There was far more, in the Cross-Laporte drama, for Bourassa and his government than the necessity to derail by all means the peril of insurrection. There was also, and especially so, a unique occasion to affirm at the highest level the responsibility of the state of Quebec.

Facing an unheard of situation that no other government of the Atlantic world has had to face, the Bourassa government had to show that it has nothing but the highest respect for life. It also had to find a formula to begin reintegrating into the democratic process elements that had temporarily strayed away from it by their means of action but which otherwise expressed political and social convictions close to those of thousands of their fellow citizens.

This double challenge was very demanding. It required that the government resist pressures demanding an even greater show of force. It demanded that consideration of pride and power be set aside. It demanded to begin recognising a movement whose objectives cannot be contested, although its methods are rejected, and whose presence cannot be denied. This path was difficult, laborious and thankless. Nevertheless, it was the most generous path, and in the long run, the most realistic one as well.

Abandoning the vague desire that he had manifested in this direction, in the end, Mr. Bourassa preferred to call on the powers of Ottawa. In requesting, by its own initiative, the invocation of the War Measures Act, the Prime Minister of Quebec accepted in principle to subordinate his government to that of Mr. Trudeau.. In the eyes of the rest of the country, he sanctioned the long held view that Ottawa is the seat of the real national government and that Quebec is only, after all, a slightly more troublesome province than the others.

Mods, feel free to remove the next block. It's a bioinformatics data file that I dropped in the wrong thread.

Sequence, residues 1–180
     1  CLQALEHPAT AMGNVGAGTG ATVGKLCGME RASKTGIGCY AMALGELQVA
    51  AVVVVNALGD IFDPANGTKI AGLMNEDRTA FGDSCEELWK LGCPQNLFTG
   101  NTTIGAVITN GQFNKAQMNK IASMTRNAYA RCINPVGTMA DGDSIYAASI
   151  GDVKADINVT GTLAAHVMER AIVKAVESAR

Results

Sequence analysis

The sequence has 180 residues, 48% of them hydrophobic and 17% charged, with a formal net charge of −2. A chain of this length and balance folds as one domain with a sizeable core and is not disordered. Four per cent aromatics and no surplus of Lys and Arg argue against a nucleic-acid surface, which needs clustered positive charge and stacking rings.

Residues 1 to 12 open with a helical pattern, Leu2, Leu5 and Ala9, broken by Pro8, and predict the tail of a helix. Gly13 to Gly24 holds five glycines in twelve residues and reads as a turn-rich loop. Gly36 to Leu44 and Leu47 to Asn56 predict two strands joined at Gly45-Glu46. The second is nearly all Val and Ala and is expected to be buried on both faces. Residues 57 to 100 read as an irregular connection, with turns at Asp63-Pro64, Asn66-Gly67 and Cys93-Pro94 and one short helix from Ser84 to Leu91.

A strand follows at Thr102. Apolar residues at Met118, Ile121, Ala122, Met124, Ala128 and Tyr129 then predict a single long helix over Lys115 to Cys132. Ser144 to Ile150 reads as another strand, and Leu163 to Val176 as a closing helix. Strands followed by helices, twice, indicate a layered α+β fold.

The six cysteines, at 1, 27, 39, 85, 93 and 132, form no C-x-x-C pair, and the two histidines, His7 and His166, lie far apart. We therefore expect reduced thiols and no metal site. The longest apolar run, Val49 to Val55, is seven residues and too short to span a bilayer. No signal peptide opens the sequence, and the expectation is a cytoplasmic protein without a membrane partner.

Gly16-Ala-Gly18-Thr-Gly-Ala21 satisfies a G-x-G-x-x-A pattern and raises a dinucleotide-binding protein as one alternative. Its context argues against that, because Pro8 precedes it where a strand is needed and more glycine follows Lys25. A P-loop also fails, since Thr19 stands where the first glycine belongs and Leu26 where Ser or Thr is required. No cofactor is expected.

This rapid change is in contradiction to the evolution of the past ten years. It might also foretell what might happen in other sectors. In the midst of a crisis, Mr. Bourassa has now given once to fear. He will find it difficult to cast away this image in the eyes of his federal colleagues as well in those of his own citizens.

As for Mr. Trudeau, he may very well succeed, for the time being, in crushing the FLQ. However, he will not succeed in preventing certain ideas from existing and perhaps, with Ottawa’s help, from spreading. In the present drama, we must not forget that the "final question" has only temporarily been set aside and that ultimately it will only be solved in Quebec, without outside interference. The man who used to preach mistrust toward established authority has now become a protector of the military. One would search in vain, among the edicts that bear his signature, traces of these virtues of rationality, free will, restraint and respect based on rationality that he once identified with federalism. Mr. Trudeau claims that he was driven to this choice: many will reply that he deserved it.

Those who committed repugnant acts on October 5 and 10, and their allies, are for the time being mainly responsible for the losses of liberty suffered by Quebec. The aggressive and open disdain that they expressed against laws made for all citizens, and many of which were enacted in the respect of basic human rights, and not by a superstructure of domination, justifies the legal banishment that has been pronounced against the FLQ.

We deplore that recourse to do so was made to the War Measures Act; in its possible applications, it far exceeds the scope of the problem that the authorities faced. Further, we deplore that the War Measures Act has already started to be applied in such a spirit, and with such methods, that makes us fear that worse is to come. However, we can only reaffirm the right of a democracy to defend itself and the obligation that it has to judge severely and to put down those that unjustly threaten the freedom and the life of their fellow citizens.

© For the translation, 1999 Claude Bélanger, Marianopolis College